Physical servers 922 may host functionality directed to the operations of networking system 920. Hereinafter servers 922 may be referred to as server 922, although server 922 may include numerous servers hosting, for example, networking system 920, as well as other content distribution servers, data stores, and databases. Data store 924 may store content and data relating to, and enabling, operation of networking system 920 as digital data objects. A data object, in particular embodiments, is an item of digital information typically stored or embodied in a data file, database, or record. Content objects may take many forms, including: text (e.g., ASCII, SGML, HTML), images (e.g., jpeg, tif and gif, graphics (vector-based or bitmap), audio, video (e.g., mpeg), or other multimedia, and combinations thereof. Content object data may also include executable code objects e.g., games executable within a browser window or frame), podcasts, etc. Logically, data store 924 corresponds to one or more of a variety of separate and integrated databases, such as relational databases and object-oriented databases, that maintain information as an integrated collection of logically related records or files stored on one or more physical systems. Structurally, data store 924 may generally include one or more of a large class of data storage and management systems. In particular embodiments, data store 924 may be implemented by any suitable physical system(s) including components, such as one or more database servers, mass storage media, media library systems, storage area networks, data storage clouds, and the like. In one example embodiment, data store 924 includes one or more servers, databases (e.g., MySQL), and/or data warehouses. Data store 924 may include data associated with different networking system 920 users and/or client systems 930.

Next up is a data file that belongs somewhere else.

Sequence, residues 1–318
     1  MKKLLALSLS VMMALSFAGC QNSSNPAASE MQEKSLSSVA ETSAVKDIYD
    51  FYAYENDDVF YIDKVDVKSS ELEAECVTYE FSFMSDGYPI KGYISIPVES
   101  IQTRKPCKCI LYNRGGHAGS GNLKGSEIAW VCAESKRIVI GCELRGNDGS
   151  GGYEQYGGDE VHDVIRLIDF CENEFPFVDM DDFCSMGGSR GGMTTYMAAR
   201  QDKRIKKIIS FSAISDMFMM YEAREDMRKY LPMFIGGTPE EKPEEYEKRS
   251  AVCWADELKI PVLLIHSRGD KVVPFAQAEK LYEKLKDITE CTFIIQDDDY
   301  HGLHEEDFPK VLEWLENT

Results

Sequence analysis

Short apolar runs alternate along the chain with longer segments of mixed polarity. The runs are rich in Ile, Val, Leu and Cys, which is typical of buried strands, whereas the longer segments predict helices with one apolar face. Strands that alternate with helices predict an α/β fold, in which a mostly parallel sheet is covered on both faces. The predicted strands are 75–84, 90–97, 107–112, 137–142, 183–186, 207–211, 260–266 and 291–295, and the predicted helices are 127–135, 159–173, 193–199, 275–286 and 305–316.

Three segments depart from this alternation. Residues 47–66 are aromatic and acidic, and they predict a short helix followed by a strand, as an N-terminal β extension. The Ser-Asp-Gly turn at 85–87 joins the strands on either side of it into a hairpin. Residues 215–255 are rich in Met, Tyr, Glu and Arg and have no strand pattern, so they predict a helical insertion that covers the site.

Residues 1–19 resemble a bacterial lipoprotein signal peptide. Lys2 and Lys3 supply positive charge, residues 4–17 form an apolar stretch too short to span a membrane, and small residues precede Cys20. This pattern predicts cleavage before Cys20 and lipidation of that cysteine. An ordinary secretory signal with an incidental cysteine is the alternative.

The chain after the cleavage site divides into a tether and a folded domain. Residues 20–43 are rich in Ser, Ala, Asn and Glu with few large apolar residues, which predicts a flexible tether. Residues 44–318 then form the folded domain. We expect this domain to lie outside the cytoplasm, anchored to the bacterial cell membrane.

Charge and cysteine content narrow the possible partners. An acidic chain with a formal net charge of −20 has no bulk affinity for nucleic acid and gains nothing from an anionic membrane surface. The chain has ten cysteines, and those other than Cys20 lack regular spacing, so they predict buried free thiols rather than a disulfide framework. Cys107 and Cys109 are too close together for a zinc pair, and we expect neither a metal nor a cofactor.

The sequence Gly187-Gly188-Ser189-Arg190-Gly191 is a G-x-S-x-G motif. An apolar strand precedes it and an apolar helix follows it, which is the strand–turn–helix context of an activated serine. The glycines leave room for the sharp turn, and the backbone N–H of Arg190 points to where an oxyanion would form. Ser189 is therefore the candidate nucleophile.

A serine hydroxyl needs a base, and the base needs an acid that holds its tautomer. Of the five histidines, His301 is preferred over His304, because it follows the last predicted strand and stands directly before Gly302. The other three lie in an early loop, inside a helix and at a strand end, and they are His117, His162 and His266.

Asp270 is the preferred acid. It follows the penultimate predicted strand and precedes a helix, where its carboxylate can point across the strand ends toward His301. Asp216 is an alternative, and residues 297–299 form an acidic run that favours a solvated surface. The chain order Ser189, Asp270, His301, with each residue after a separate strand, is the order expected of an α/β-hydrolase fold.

Client system 930 is generally a computer or computing device including functionality for communicating (e.g., remotely) over a computer network. Client system 930 may be a desktop computer, laptop computer, personal digital assistant (PDA), in- or out-of-car navigation system, smart phone or other cellular or mobile phone, or mobile gaming device, among other suitable computing devices. Client system 930 may execute one or more client applications, such as a web browser (e.g., Microsoft Internet Explorer, Mozilla Firefox, Apple Safari, Google Chrome, and Opera), to access and view content over a computer network. In particular embodiments, the client applications allow a user of client system 930 to enter addresses of specific network resources to be retrieved, such as resources hosted by networking system 920. These addresses can be Uniform Resource Locators (URLs) and the like. In addition, once a page or other resource has been retrieved, the client applications may provide access to other pages or records when the user “clicks” on hyperlinks to other resources. By way of example, such hyperlinks may be located within the webpages and provide an automated way for the user to enter the URL of another page and to retrieve that page.